The Sea of Trees

The Sea of Trees ★★★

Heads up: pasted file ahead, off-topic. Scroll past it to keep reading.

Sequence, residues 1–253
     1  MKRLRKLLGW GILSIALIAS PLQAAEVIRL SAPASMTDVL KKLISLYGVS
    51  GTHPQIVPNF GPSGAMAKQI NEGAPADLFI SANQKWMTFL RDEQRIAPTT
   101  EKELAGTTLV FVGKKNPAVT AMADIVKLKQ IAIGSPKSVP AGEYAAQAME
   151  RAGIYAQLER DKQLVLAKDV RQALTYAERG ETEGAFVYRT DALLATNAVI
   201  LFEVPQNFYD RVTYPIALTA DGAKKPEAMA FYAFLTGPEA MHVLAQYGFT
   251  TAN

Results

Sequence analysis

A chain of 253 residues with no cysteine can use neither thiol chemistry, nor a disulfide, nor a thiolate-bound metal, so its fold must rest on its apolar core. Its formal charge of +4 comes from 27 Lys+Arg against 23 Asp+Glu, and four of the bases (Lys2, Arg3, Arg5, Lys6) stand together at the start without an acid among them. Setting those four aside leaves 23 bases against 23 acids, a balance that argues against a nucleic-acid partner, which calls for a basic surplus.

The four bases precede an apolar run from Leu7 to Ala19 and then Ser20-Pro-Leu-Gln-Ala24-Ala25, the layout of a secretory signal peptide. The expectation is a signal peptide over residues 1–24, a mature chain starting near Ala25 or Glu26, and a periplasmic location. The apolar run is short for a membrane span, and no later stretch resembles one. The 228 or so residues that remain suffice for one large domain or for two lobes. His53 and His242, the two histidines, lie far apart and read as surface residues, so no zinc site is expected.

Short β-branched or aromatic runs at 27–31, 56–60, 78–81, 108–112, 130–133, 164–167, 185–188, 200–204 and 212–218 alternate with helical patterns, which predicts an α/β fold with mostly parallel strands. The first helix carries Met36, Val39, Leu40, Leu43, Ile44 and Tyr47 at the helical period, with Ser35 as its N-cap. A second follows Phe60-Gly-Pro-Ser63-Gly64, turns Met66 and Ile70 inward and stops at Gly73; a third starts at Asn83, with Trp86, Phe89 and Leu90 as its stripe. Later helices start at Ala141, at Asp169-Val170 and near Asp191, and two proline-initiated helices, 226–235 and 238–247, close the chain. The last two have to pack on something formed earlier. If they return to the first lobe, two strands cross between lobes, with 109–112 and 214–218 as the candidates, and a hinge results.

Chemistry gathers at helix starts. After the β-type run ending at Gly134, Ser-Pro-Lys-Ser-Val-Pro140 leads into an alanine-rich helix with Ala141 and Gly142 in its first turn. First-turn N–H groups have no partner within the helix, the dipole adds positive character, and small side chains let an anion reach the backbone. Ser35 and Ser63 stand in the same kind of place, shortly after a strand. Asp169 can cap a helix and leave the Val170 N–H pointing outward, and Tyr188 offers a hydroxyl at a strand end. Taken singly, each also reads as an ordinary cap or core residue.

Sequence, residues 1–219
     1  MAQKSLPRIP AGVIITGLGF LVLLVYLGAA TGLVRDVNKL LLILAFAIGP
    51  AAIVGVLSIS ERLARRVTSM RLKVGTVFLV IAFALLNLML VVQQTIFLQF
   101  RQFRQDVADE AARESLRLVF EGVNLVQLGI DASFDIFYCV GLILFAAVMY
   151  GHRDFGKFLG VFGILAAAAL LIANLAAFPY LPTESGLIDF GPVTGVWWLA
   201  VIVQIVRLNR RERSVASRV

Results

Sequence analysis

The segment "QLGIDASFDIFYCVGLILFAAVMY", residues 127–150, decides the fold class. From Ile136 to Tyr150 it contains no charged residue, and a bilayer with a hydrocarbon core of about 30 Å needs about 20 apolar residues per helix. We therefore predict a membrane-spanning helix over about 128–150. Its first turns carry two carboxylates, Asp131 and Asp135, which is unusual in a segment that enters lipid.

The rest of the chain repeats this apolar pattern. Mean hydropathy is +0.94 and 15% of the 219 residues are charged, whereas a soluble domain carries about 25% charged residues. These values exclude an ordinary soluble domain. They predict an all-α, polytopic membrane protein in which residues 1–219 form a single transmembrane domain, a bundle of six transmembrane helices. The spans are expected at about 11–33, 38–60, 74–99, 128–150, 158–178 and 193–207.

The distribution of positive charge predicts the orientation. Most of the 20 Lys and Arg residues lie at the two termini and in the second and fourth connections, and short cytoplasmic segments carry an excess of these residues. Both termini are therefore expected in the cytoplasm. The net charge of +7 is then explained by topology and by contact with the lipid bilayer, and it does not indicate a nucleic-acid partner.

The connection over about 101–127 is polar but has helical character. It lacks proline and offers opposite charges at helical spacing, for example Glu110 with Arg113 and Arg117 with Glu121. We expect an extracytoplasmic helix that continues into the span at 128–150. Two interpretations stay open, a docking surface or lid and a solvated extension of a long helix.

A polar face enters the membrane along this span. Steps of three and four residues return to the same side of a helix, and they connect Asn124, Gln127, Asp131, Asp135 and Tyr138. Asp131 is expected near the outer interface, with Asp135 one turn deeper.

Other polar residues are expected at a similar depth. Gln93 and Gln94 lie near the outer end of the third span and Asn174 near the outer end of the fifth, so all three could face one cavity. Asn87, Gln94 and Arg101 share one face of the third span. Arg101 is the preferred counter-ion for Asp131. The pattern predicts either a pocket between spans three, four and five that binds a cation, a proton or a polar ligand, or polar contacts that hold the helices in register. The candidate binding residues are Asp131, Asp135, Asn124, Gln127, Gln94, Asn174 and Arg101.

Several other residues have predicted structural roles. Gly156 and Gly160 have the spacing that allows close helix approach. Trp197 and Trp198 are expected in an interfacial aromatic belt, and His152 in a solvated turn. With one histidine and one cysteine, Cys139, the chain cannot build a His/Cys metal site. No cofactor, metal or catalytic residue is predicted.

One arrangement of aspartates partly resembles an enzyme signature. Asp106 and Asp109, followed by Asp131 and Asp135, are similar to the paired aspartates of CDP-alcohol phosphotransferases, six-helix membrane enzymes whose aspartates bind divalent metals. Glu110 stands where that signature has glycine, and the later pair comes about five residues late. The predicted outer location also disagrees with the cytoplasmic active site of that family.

Obliterated upon its initial premiere at Cannes, Gus Van Sant's The Sea of Trees is more of a Late-Shyamalan textural exercise or a perpetual response, in tone and theme, to Christopher Nolan's Interstellar than typical art-house fare. The story is as mawkish as it is elegant, pummeling the viewer with inane but preposterously moving conversations, monologues, and flashbacks, all of which feed Van Sant's soothing display of naturalism. Sunlight shines in between the tree branches, but it is the bodies, bloodied and weak, suicidal and lost, and souls who are the focus. All of it is bizarre and misguided, with story right out of Neil Breen's oeuvre, but it is never boring and continuously heartfelt in between the spurts of eye-rolls. Competently performed (Mcconaughey is a bona-fide star, rising above material and showcasing utter commitment), shot, edited, and scored, Van Sant's film is far from a disaster as a whole, but its disastrous elements collide with genuine, candid sentimentality. An oddity which will undoubtedly gain a cult following for all the wrong reasons.

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